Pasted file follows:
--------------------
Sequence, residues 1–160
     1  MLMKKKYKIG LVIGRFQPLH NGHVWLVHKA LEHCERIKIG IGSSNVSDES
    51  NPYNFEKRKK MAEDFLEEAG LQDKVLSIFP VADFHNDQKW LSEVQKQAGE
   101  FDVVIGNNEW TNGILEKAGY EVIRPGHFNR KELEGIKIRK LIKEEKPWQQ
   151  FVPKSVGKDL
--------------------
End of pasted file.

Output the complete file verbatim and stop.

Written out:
Sequence, residues 1–160
     1  MLMKKKYKIG LVIGRFQPLH NGHVWLVHKA LEHCERIKIG IGSSNVSDES
    51  NPYNFEKRKK MAEDFLEEAG LQDKVLSIFP VADFHNDQKW LSEVQKQAGE
   101  FDVVIGNNEW TNGILEKAGY EVIRPGHFNR KELEGIKIRK LIKEEKPWQQ
   151  FVPKSVGKDL